Pure sex.  Sorry for the poor audio quality.  Blame Youtube (whose pimping of crappy versions of ‘user uploaded’ music so they can advertise at us and cheapen all that is good and true) and their terrible compression algorhythms.  And the inability of most people to really tell the difference.  And my sh%tty grammar (twice ;o)

 Cut Shallow Radio has the great blog posting about the band and this particular record.  You can read the full track listing, search and listen online.   If you like it, buy, beg or steal a real copy – the mix and production are both really quite nice on this record.  I implore you to teach yourself the difference!  On an aside from an aside I once heard George Massenburg talk about how ‘there’s something missing in an MP3, we don’t know what it is yet but the difference is real.’  I was actually reading a mastering engineers website today who has proprietary software to fill in the gaps between the samples, creating an unaliased waveform that no longer saps a persons energy.  On an aside from an aside from an aside, if this makes no sense you can find a decent explanation of how digital audio works here and an explanation of audio aliasing here.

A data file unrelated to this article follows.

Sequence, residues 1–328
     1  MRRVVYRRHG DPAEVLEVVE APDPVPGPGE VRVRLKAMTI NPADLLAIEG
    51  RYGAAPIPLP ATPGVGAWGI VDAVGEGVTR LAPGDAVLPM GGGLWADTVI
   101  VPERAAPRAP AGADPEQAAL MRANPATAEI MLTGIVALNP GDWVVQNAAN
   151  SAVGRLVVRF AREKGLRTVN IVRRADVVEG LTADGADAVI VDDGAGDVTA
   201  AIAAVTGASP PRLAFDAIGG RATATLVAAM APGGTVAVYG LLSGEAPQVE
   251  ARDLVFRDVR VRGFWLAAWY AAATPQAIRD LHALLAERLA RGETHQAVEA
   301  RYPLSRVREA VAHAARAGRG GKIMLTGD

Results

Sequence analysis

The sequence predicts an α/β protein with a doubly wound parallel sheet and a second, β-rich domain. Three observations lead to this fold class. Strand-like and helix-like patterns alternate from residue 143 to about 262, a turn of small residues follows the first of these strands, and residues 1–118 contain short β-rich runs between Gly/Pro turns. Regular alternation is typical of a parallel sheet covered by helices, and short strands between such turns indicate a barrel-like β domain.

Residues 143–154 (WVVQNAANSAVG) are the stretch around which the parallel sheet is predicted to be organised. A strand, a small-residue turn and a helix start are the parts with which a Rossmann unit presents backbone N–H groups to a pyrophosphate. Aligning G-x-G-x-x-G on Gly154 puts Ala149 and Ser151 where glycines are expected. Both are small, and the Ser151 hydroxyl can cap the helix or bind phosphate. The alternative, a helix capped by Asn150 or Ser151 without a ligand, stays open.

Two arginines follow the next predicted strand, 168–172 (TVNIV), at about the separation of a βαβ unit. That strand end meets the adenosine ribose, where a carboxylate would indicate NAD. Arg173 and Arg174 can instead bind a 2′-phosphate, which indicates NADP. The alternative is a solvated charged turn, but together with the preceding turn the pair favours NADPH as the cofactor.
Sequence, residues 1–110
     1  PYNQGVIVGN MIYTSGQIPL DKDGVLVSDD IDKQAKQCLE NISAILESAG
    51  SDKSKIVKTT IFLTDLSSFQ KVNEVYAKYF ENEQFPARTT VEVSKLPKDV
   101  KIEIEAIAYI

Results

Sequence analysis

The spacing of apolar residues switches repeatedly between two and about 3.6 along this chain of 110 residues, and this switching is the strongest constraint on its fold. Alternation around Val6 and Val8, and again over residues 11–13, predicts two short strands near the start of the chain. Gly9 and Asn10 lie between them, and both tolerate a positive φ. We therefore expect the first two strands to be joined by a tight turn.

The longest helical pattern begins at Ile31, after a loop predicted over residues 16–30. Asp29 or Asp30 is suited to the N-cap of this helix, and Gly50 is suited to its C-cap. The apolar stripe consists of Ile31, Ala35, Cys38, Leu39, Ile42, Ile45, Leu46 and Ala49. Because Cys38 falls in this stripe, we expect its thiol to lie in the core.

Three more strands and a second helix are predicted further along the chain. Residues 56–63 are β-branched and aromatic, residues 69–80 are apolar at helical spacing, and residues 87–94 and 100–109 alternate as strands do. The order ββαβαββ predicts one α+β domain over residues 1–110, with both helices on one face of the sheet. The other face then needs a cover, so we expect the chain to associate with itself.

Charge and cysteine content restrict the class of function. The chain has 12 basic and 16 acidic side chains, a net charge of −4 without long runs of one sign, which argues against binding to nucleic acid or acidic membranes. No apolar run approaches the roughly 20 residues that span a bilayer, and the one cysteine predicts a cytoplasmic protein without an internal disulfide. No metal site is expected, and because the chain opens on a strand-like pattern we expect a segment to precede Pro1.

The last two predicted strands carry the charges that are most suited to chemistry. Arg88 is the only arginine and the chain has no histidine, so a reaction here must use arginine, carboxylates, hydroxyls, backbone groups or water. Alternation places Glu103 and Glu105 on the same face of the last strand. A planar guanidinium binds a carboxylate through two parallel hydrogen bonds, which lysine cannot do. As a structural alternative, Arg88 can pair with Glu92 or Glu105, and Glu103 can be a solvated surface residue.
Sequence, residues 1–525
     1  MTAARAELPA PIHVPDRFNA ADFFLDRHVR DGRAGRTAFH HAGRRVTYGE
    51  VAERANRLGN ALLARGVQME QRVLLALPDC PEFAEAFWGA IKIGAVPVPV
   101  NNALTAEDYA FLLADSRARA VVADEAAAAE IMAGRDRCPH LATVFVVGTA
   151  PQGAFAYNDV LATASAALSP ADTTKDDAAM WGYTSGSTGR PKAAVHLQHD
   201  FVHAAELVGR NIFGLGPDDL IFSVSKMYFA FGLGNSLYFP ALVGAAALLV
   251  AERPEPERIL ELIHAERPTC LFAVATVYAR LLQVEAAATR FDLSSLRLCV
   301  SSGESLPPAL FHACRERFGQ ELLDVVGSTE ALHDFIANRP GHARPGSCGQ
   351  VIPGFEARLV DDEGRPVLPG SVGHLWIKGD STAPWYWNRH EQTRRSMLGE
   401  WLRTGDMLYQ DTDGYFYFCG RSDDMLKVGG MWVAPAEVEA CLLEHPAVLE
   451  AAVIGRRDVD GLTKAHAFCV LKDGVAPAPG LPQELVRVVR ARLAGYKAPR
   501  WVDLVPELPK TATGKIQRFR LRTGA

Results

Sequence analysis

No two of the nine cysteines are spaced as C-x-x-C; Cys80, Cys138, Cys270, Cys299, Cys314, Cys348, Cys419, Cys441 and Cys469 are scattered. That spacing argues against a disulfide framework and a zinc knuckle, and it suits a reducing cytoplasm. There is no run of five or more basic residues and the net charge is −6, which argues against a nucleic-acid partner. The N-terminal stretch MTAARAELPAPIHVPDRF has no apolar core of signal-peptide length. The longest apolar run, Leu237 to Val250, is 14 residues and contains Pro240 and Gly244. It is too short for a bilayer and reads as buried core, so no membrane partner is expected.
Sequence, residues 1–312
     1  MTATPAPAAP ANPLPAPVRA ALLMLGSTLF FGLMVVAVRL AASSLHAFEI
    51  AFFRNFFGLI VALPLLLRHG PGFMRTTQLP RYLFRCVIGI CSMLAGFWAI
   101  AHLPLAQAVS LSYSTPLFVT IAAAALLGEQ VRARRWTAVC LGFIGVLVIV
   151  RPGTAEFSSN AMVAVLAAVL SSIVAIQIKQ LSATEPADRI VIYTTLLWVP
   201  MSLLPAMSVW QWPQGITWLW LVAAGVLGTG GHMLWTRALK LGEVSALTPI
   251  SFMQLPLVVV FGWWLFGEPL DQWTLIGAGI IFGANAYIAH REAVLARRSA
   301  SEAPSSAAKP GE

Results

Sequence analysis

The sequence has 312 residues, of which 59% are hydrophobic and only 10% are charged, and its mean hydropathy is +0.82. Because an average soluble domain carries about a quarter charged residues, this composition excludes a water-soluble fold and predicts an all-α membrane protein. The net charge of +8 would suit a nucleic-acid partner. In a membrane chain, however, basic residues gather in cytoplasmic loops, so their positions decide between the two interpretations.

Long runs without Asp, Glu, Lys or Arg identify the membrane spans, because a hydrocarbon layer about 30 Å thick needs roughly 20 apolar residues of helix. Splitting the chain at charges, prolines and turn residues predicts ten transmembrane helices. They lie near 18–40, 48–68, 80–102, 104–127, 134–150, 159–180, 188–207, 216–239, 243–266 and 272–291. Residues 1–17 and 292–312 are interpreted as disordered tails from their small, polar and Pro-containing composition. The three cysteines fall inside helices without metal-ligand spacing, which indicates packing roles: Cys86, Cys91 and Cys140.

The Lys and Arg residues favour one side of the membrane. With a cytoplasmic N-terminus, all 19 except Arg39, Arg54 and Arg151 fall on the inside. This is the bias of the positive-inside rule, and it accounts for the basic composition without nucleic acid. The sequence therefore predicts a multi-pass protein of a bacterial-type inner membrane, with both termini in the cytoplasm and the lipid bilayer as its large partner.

Rant and meta-rant over …..     Moving along deftly ….

Track 5 – Been Caught Stealing

This was the first song of Jane’s Addiction that I heard, probably even saw the video on MTV at Simon Beach’s house one saturday afternoon.  The image of that cross dresser sticking pineapples up his dress is worth the price of admission alone.  The bassline, in the unusual key of G#/Ab is actaully pretty tricky to make sit well.  Three notes played in a swung sixteenth feel that may be a hair staighter than the drums…. also some great funky note choices on the contrasting section, surprising angles.  Great video, great song.